That left one week to prepare for the wedding. It was complicated by the fact that Earl wasn’t Catholic, and that Marguerite weighed only 92 pounds, so there were no wedding dresses here that would fit her. And Marguerite’s mother was against her getting married right away. Both Earl and Marguerite were just 19 years old.
“I was such a brat. My poor mother. I wanted everything: the bridesmaids, a flower girl, a reception. And I always got what I wanted.”
Earl who fought with Gen. Mark Clark’s Fifth Army through North Africa, Sicily, the Italian peninsula, all the way to Germany. Earl was awarded several Bronze Star medals for bravery.
When Earl came home for good, he worked for Armstrong’s Groceries as a receiving clerk.
“He made pretty good money. We rented the downstairs of a house on North Oakland Avenue. Then we thought, why should we pay rent? So we bought the house we were living in. One of my closest friends lived upstairs with her husband. That made it real nice. We lived there probably about three years. Then we bought three acres of ground on Lamor Road in Hermitage and built a house there.”
During those years, they had five children: John Earl “Skip” (born in 1947), Don (1948), Beverly Jean (1951), Bill (1953), and Mary Lou (1955).
“Dad was a wonderful grandfather, and he just enjoyed Skip,” Marguerite said. “I’d drop him at my parents’ house to run downtown for a little while. “I’d say to my mother, ‘Now don’t let Daddy pick him up and carry him around and spoil him.’ But my mother would tell me later I was barely around the corner when he picked him up. But Dad died in 1947, not long after Skip was born. What my kids missed in a grandfather!”
Earl continued to work for Armstrong’s until Mr. Armstrong died.
“His son sold everything and went to Europe and had a good time with all of the money,” Marguerite said. “It was during a time when jobs were very scarce. Earl got a job that only worked a couple of days a week. So I went back to work at the Sharon Store office. It was rough with the kids. I had someone come in, and I would work as much as possible in the evenings when Earl was home. We got through it, but sometimes I wondered if we would. One time when Earl got laid off, I really didn’t know how I was going to feed the kids for the next week.”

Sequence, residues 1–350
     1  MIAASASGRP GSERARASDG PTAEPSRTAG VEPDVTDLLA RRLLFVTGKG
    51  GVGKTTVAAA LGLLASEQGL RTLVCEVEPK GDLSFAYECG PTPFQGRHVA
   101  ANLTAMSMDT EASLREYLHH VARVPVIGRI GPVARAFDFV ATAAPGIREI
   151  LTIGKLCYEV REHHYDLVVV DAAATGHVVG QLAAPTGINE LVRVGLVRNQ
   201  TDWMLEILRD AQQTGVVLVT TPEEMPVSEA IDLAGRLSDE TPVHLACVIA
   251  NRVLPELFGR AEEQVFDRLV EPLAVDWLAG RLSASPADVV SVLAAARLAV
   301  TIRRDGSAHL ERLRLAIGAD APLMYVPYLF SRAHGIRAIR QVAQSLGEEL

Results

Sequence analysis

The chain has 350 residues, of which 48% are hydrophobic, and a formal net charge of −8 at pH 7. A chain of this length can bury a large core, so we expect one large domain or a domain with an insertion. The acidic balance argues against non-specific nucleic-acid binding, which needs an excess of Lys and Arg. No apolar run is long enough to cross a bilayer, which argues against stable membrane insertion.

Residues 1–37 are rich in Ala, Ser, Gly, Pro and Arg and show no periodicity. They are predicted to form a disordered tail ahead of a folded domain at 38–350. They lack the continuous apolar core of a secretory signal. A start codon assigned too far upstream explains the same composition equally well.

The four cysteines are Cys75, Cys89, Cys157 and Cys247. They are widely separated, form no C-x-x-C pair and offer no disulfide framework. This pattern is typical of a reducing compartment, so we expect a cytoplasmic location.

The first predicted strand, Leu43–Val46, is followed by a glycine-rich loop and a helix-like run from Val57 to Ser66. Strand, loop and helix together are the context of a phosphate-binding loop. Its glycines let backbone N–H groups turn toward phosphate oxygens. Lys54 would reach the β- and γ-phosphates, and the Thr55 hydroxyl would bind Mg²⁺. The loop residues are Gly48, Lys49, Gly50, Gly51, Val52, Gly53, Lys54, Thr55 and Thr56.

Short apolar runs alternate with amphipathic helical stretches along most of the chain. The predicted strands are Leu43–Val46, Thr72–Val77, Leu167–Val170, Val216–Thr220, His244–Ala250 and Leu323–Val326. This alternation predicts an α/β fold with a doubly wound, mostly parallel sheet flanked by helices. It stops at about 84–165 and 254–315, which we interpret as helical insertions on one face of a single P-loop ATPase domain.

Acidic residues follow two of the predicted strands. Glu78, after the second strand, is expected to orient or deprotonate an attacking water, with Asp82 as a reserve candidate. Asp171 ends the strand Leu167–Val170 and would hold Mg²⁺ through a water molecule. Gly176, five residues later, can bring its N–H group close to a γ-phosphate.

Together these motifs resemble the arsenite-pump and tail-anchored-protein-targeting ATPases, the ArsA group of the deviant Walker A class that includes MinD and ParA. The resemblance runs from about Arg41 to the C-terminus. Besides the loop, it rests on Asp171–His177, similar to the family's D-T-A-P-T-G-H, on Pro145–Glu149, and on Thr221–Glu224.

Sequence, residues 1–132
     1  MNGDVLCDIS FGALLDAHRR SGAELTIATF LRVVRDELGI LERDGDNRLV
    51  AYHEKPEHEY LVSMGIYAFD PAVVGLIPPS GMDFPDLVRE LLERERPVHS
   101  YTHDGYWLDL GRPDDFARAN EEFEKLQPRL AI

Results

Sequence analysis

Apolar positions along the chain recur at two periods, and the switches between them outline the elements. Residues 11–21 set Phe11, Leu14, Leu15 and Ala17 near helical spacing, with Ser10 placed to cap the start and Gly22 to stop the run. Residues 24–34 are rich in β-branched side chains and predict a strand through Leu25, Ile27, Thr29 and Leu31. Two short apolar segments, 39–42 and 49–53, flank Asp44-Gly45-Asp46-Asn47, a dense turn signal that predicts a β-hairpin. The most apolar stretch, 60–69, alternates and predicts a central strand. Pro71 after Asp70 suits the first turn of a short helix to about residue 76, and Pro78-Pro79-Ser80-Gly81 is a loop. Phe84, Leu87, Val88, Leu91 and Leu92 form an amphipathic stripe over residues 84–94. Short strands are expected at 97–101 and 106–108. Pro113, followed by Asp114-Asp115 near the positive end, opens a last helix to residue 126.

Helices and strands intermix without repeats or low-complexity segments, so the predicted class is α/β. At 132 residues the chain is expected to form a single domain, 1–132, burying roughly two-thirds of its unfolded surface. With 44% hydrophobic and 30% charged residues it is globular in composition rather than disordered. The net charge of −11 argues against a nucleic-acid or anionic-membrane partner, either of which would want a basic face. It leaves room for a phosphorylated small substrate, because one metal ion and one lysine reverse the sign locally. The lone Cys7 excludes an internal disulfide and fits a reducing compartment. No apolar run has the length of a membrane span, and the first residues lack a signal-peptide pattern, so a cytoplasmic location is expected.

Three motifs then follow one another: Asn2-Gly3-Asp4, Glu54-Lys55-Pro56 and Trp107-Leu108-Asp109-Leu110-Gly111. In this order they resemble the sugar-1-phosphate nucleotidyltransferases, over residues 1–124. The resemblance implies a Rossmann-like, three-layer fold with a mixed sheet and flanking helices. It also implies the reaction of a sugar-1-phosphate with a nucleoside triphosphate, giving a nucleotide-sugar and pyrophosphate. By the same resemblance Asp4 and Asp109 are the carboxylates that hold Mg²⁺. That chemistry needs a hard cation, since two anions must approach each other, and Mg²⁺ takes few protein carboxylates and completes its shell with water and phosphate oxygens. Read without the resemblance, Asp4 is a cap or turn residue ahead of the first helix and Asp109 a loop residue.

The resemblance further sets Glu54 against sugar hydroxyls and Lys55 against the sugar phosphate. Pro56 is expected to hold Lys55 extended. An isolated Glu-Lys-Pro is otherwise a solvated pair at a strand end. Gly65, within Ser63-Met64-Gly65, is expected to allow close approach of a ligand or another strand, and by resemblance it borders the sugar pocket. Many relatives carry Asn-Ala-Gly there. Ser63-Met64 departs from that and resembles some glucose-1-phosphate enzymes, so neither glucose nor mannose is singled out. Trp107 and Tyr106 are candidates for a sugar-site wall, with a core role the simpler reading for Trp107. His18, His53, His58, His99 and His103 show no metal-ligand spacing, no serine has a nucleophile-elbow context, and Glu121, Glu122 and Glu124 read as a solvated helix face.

Marguerite wouldn’t ask anybody in the family for help.
“Then one of the kids let something slip because they were little. My mother said, ‘Why didn’t you tell me?’”
Their five children were into everything at school.
“I was glad that they were, but they’d have stuff after school that they had to go to, practice for a play or something. It was constant.”
Then Earl developed heart trouble.
“He was in Clepper’s [nursing home] for a while because he needed 24 hour care. The children and I went to visit every day. They treated him wonderfully. They were very, very good to him.”
The marriage of Earl and Marguerite, which some didn’t expect to succeed, lasted until Earl’s death in 1999.
Throughout her life, Marguerite loved to paint.
“Ever since I was about four years old I drew pictures. When we would go on the train, my mother would get a big tablet and crayons and pencils for me. She knew there would be no fussing from me.”
As Marguerite grew older, she learned to paint in oils, and took it very seriously.
“Painting was work,” she said. “If it didn’t look exactly like I thought it should, I’d stay up all night long with that painting, and go to work the next day. I did portraits of some family members. But if you do a portrait for one member of the family, everyone wants one done. I have one more to do, my granddaughter Brandy, then I told them I’m done.”
Her son, Don, used one of her paintings for the cover of the latest of his four books, The F-Troop Camp Chronicles, a Life in the Pennsylvania Outdoors.
Of course, doing things like that for her family was never a burden. She appreciates her five children, ten grandchildren, and four great grandchildren, and they appreciate her. At Marguerite’s 80th birthday party, her granddaughter Brandy Keck described her as “witty, charming, intelligent, crazy, fun, interesting, artistic, amazing, humorous, fascinating, loving, caring, passionate, full of life.”
Does that sound like someone who is spoiled? In other words: damaged, useless, or unsatisfactory?
Excerpted from Lives of Quiet Inspiration, Volume 4, by Joe Zentis. Hermitage, PA: Green Street Press, 2010